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Naomi Klein: Why Rich Countries Should Pay Reparations To Poor Countries For The Climate Crisis

A grassroots movement says that the countries that created the climate crisis should pay for the costs of adapting to a more hostile ecology.

AMY GOODMAN: We turn to the best-selling author of The Shock Doctrine. Yes, independent journalist Naomi Klein joining us from Toronto, Canada to talk about the latest shocks to the economy and with the climate summit in Copenhagen just two weeks away, the coming together of a global movement for climate justice. She is just out with the 10th anniversary edition of her first book, the international bestseller No Logo. And her latest articles include "Climate Rage," for Rolling Stone Magazine, and "Copenhagen, Seattle Grows Up," for The Nation. Naomi Klein, Welcome to Democracy Now! Let’s begin with the issue of climate change and as you put it, climate rage. Tell us what is happening.

NAOMI KLEIN: That piece in Rolling Stone is looking at a growing demand for the repayment of climate debt. This is really a relatively new framing for the climate crisis and is becoming predominantly from the developing world, led by the government of Bolivia and other Latin American governments, and it has been joined by the coalition of least developed countries which are primarily in Africa. And essentially what they're saying is that the climate crisis as we know was created in the industrialized world. There is a direct correlation between industrialization (what we call development) and carbon emissions. In fact, 75 percent of the historical carbon emissions have been produced by only 20 percent of the world's population. Then we have this cruel geographical irony, which is that the effects of climate change our felt overwhelmingly in the developing world, and the parts of the world that are least responsible for creating the crisis. According to the World Bank, 75 -80 of the effects of climate change are being felt in the developing world. So, you have this inverse relationship between cause and effect.

It is in this context that we see a growing movement from the developing countries that really are on the front lines of climate change, saying that the rich world that created the climate crisis owes them a debt, owes them a tangible reparations for the creation of this crisis. And those reparations should be paid in three forms. First through deep emissions cuts in the developed world, in the rich world. At least 40 percent below 1990 levels- this is a figure we have heard a lot. In addition to this, they are saying the rich world, the G-8 countries, the industrialized countries, should pay for the costs, the huge costs, that poor countries face in adapting to climate change. In addition to that, they’re also saying that they would like to leapfrog over the dirty energies, the fossil fuels that are fueling the climate crisis. But they point out that this is expensive and more expensive to shift to cleaner green technology than it is to develop with cheap, dirty fuels, which is the way we did in the rich world. So, they are saying we will change, but we don’t think we should have to pay this additional cost because of our problem that is not of our creation. Essentially the climate debt arguments is the “polluter pays” argument, which is a familiar argument to people in the United States, its a basic principle of jurisprudence. Another way of putting this is “you broke it, you bought it”.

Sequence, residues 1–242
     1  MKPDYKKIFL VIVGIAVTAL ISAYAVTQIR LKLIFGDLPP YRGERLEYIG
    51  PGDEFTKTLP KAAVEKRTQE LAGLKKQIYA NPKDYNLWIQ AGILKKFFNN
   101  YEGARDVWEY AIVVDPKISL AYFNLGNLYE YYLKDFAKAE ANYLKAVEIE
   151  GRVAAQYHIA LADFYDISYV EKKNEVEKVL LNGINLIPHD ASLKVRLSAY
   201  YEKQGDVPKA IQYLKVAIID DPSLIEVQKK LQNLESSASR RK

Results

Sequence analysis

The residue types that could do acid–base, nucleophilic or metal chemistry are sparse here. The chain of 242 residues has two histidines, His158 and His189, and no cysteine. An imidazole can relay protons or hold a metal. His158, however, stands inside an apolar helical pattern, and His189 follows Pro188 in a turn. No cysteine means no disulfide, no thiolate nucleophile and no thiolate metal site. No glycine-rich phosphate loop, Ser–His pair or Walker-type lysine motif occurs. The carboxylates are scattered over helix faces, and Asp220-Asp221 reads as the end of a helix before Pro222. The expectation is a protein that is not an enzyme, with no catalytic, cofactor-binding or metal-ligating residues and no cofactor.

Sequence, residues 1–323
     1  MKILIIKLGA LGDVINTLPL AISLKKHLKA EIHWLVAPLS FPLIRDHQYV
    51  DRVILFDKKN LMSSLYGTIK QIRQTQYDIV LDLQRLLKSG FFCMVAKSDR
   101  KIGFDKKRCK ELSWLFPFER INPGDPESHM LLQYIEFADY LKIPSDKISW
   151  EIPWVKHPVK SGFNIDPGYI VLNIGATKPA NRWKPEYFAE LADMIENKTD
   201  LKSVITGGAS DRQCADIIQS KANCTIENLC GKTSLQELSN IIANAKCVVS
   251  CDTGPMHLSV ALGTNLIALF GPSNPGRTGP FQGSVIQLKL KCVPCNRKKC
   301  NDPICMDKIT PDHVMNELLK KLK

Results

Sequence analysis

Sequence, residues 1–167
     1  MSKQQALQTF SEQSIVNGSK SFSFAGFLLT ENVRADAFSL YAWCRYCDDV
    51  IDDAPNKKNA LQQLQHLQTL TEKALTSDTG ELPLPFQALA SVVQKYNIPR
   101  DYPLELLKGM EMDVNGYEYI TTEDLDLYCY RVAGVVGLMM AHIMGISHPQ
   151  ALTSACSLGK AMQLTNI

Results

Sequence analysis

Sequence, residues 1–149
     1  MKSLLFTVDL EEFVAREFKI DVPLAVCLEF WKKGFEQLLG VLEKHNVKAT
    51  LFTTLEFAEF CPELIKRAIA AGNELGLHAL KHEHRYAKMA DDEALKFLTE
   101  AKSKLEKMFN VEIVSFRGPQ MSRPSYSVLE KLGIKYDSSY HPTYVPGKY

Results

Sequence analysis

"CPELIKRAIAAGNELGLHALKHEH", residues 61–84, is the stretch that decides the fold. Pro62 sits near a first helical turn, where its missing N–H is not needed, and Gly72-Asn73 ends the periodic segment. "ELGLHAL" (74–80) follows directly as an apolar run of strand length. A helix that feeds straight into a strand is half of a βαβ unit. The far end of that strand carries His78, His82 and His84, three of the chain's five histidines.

AMY GOODMAN: Talk specifically about the countries that are raising these concerns and saying we shouldn’t have to pay. For example in Africa.

NAOMI KLEIN: Well, the African Union, the coalition of African states, have been very clear that their primary demand out of Copenhagen are these deep emissions cuts and serious funding for adaptation to climate change. In eastern Africa right now, you have massive, you have serious droughts affecting millions of people. That is just one example of the kind of costs that are being incurred because of climate change already. So, we’re not talking about projecting into the future, some hypothetical future, we are talking about right now.

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